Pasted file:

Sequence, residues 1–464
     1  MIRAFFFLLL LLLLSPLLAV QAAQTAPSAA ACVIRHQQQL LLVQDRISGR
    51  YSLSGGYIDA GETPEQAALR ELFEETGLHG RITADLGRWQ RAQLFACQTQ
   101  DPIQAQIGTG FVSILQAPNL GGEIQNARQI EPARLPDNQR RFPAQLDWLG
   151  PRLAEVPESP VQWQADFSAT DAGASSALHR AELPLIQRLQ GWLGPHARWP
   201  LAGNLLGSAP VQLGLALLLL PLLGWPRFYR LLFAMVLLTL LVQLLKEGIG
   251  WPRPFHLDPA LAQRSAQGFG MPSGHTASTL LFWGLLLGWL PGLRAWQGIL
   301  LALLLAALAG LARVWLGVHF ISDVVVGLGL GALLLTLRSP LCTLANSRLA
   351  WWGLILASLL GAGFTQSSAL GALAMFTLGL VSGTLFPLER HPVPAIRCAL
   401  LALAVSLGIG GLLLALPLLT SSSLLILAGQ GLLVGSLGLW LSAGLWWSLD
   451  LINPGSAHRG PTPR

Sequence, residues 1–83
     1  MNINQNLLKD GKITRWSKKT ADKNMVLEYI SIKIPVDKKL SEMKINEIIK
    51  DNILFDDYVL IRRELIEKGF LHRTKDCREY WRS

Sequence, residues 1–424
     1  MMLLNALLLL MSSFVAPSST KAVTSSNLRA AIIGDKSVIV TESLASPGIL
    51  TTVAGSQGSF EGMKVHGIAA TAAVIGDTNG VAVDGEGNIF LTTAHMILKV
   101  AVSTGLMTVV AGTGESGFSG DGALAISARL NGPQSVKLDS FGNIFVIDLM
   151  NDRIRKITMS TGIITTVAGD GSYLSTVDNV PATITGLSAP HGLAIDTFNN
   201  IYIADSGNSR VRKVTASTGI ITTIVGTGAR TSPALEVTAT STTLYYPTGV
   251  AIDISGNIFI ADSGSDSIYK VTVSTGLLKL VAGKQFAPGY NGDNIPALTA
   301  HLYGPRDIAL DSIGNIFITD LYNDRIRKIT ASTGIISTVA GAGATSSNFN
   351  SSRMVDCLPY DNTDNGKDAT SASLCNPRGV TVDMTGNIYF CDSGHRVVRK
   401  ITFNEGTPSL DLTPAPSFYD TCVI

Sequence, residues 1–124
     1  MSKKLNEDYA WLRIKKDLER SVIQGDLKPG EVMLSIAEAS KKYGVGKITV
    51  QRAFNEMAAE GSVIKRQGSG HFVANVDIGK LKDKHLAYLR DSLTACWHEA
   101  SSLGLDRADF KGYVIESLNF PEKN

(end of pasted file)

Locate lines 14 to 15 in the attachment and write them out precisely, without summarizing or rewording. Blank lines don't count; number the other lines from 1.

    51  DNILFDDYVL IRRELIEKGF LHRTKDCREY WRS

Sequence, residues 1–424